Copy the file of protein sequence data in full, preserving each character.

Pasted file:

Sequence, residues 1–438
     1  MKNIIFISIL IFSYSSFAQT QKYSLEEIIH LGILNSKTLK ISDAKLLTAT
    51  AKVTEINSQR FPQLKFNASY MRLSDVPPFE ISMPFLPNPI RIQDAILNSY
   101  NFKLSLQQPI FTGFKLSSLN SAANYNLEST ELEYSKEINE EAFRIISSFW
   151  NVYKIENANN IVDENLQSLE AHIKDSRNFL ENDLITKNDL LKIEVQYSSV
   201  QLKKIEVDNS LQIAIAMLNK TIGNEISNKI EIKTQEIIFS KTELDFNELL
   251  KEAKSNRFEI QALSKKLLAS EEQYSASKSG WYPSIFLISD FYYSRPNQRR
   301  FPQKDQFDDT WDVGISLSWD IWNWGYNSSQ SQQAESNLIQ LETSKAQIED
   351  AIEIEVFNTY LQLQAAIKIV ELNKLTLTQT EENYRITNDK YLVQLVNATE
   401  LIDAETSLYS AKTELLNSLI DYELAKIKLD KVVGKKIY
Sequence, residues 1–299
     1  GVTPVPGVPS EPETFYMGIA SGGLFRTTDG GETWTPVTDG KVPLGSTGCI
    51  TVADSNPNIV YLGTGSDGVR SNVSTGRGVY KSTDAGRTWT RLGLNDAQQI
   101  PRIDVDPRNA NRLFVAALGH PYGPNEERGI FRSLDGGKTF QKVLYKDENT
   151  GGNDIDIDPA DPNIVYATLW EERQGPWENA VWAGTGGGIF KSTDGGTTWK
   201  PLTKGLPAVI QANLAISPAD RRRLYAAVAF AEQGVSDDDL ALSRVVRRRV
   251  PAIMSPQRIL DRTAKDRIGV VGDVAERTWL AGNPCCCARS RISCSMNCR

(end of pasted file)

Sequence, residues 1–438
     1  MKNIIFISIL IFSYSSFAQT QKYSLEEIIH LGILNSKTLK ISDAKLLTAT
    51  AKVTEINSQR FPQLKFNASY MRLSDVPPFE ISMPFLPNPI RIQDAILNSY
   101  NFKLSLQQPI FTGFKLSSLN SAANYNLEST ELEYSKEINE EAFRIISSFW
   151  NVYKIENANN IVDENLQSLE AHIKDSRNFL ENDLITKNDL LKIEVQYSSV
   201  QLKKIEVDNS LQIAIAMLNK TIGNEISNKI EIKTQEIIFS KTELDFNELL
   251  KEAKSNRFEI QALSKKLLAS EEQYSASKSG WYPSIFLISD FYYSRPNQRR
   301  FPQKDQFDDT WDVGISLSWD IWNWGYNSSQ SQQAESNLIQ LETSKAQIED
   351  AIEIEVFNTY LQLQAAIKIV ELNKLTLTQT EENYRITNDK YLVQLVNATE
   401  LIDAETSLYS AKTELLNSLI DYELAKIKLD KVVGKKIY
Sequence, residues 1–299
     1  GVTPVPGVPS EPETFYMGIA SGGLFRTTDG GETWTPVTDG KVPLGSTGCI
    51  TVADSNPNIV YLGTGSDGVR SNVSTGRGVY KSTDAGRTWT RLGLNDAQQI
   101  PRIDVDPRNA NRLFVAALGH PYGPNEERGI FRSLDGGKTF QKVLYKDENT
   151  GGNDIDIDPA DPNIVYATLW EERQGPWENA VWAGTGGGIF KSTDGGTTWK
   201  PLTKGLPAVI QANLAISPAD RRRLYAAVAF AEQGVSDDDL ALSRVVRRRV
   251  PAIMSPQRIL DRTAKDRIGV VGDVAERTWL AGNPCCCARS RISCSMNCR